My take on it is very simple-minded, and not so different from what I have explored earlier in this journal.

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Not neccesary, but sometimes best option


…. for the maintenance of equilibrium of the society, sometimes killing is necessary. 

That quote is from the Youtube user who uploaded this documentary on Iwo Jima.

Is killing ever neccesary? Is any choice or action every neccesary?

Even from a conventional view, it is obvious that it is not.

We may chose an action because it seems appropriate in a situation. Or we may believe a story and feel compelled to chose and act a certain way. But there is nothing inherent in any situation that “require” a certain way of chosing and acting. (Although we can also say that whatever choice and action happens is neccesary because any choice and action has infinite causes, it is the local manifestations of the movements of the whole.)

Using words such as “neccesary” is a way of covering up this choice, and our responsibility in making the choice and taking a certain action. We put the responsibility out there, on the situation, while it belongs right here with ourselves. 

So the question, as always, is: When do I see something as neccesary? A view? An action? When do I try to cover up my choice by making it appear neccesary? 

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Getting up


A simple little practice suggested by Byron Katie. 

When I wake up in the morning, I can wait and be curious about when the body gets up. I find that it always does get up, and gets up in time if I have something scheduled. And it is completely without drama since the “doer” is out of the picture. (Or at least occupied with observing.) I may even notice some of the process behind getting up, such as a thought of getting up immediately preceding my body actually getting up.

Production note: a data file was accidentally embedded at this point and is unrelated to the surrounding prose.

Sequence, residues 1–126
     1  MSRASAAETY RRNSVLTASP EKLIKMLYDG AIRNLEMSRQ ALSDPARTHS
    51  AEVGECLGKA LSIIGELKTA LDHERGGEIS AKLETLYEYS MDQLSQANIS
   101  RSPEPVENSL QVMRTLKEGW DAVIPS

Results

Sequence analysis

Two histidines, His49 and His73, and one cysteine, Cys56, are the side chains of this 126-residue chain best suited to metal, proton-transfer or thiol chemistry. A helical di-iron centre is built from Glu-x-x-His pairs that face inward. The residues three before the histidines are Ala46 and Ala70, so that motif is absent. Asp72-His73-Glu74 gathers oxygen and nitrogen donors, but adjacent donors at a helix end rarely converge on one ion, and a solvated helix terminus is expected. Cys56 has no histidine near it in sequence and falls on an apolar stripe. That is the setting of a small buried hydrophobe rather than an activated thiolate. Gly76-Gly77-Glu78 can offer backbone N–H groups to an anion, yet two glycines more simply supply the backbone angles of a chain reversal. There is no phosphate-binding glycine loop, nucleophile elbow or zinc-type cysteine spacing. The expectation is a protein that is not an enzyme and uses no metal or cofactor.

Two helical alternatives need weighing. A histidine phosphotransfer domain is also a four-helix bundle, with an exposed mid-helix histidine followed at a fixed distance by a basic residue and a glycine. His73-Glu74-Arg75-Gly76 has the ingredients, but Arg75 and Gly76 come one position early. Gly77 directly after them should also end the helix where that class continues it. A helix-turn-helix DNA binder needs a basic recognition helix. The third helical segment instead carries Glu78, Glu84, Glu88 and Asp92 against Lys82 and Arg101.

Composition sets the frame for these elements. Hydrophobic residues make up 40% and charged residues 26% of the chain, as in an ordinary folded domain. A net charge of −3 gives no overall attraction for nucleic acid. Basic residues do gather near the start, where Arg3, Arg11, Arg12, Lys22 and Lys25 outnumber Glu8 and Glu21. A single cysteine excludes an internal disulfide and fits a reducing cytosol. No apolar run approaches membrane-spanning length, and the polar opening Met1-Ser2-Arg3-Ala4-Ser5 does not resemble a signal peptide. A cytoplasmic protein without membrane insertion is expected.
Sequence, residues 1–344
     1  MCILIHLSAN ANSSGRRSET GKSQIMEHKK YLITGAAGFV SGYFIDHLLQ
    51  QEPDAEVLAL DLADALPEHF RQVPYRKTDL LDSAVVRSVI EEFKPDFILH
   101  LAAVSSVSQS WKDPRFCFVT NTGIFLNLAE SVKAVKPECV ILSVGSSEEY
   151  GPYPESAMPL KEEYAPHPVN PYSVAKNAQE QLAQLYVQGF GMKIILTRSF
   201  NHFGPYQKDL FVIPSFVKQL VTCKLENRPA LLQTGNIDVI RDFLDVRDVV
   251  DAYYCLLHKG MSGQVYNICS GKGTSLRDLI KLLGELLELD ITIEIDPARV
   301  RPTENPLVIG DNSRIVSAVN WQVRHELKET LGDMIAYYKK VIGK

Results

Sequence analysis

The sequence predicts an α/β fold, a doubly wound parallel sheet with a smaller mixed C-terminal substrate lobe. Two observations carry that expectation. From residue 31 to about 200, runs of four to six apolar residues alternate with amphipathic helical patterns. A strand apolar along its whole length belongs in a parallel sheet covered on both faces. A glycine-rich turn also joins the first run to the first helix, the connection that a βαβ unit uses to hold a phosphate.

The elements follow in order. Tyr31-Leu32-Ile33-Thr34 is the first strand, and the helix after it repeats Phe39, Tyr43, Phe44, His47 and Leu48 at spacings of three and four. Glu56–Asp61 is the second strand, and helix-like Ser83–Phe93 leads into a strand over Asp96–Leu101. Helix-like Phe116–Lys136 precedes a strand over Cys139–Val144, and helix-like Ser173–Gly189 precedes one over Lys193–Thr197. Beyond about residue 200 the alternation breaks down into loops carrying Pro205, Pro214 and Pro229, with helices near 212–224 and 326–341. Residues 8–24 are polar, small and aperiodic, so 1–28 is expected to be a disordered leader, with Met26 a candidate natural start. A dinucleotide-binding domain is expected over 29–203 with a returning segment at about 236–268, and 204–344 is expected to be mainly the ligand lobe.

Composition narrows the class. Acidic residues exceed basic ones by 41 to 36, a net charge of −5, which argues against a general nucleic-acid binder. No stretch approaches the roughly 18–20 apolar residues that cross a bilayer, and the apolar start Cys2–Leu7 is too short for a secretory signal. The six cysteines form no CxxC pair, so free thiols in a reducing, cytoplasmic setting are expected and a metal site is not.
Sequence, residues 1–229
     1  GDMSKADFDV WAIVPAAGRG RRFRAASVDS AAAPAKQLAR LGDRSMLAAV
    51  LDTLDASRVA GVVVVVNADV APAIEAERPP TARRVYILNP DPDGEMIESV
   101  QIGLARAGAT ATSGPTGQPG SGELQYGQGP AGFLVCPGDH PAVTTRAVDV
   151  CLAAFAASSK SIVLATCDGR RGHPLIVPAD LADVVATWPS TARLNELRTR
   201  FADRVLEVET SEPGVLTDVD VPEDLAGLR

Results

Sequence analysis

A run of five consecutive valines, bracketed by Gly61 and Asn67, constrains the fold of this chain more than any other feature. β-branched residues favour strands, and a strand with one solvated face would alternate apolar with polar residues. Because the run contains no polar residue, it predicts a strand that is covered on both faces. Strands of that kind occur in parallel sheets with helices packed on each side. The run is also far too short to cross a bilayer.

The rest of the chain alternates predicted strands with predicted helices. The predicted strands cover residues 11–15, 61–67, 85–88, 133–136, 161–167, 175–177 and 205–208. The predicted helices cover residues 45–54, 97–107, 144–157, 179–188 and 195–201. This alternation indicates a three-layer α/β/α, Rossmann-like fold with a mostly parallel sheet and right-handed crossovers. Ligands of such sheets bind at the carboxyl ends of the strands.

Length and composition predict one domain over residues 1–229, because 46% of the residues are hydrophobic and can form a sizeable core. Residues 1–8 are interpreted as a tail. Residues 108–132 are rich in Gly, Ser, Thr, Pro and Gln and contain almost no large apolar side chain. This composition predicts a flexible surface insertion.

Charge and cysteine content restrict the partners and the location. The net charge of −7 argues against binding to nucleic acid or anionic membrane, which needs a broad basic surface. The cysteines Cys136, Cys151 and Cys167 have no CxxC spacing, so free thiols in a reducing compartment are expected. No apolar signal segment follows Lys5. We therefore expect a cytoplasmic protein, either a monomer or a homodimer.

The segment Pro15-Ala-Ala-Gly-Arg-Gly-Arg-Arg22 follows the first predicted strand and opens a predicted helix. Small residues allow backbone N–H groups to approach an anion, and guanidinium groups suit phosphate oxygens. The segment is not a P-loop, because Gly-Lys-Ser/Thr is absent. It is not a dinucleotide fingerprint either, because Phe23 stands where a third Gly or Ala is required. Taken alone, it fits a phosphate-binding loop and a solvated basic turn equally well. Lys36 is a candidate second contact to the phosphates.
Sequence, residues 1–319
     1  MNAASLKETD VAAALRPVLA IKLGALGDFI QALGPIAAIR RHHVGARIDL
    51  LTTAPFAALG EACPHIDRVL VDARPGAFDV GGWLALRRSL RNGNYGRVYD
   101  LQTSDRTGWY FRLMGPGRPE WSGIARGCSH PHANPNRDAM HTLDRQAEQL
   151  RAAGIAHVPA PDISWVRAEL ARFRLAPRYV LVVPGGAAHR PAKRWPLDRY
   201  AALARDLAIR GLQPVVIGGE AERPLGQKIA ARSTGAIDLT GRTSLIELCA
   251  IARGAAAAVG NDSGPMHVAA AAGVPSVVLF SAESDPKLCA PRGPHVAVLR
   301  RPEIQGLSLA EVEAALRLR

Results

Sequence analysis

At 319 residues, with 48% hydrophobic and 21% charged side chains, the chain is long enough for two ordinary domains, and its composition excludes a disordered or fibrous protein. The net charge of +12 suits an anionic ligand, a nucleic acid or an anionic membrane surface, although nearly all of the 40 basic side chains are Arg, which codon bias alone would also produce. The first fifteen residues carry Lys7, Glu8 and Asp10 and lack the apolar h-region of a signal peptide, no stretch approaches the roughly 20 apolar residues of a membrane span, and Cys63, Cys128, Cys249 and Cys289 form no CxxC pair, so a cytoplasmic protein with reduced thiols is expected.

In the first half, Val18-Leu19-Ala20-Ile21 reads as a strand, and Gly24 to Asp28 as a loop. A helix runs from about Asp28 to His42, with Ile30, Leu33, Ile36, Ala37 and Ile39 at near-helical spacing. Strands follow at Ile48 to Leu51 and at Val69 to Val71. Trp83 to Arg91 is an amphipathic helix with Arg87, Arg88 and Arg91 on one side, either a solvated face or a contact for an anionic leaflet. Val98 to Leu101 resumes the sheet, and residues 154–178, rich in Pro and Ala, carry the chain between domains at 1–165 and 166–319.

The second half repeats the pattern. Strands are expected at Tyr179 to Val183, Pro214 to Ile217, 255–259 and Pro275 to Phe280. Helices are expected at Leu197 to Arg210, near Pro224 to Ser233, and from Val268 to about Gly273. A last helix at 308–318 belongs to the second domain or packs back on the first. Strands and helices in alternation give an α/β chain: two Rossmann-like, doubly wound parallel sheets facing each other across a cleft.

It is a great practice for a few different reasons.

It helps me see that choices can be made and actions done without a “doer”. I may notice something about the process behind choices and acting on them. I notice that without a “doer”, choices are made and actions happen simply and without drama. I may notice concerns about choices not being made and actions not being taken without a “doer”. (There may be a little drama around this, especially in the beginning.) And maybe most importantly, as I notice this over and over, I learn to trust it and allow for it to happen in other situations in daily life. 

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Aware = free will?


I read a Discover article called could an inner zombie controlling the brain?

The topic is interesting, and the article also reminded me about a few things.

First, journalists don’t always trust that stories are interesting enough on their own, so they give them a helping hand. In this case, by pretending that something we all know from daily life is a new discovery, and by using metaphors more for attracting attention than accuracy. (Nothing wrong in that. It does attract readers, at least for a while, until they catch on and some chose to go to publications that treat their readers in a more fair way as more intelligent. But good to notice.)

The gist of the story is that we sometimes go on autopilot. When a task is familiar to us, and simple enough to go on autopilot, it often does, and that frees our attention to go elsewhere. At times, it may go into daydreaming or spacing off, but other times, it may go to something quite practical and functional.

We all know that from daily life, so that part is not new. But the research mentioned is interesting and sheds more light on it.

Then, a couple of other things. For instance, the word consciousness is used to mean content of experience, and in particular some of the workings of the psyche. This seems a little odd to me. It is unnecessary, for one, since we have perfectly good words for those dynamics. And also, it uses up the word for content of experience so it is not available for that which content of experience happens within and as.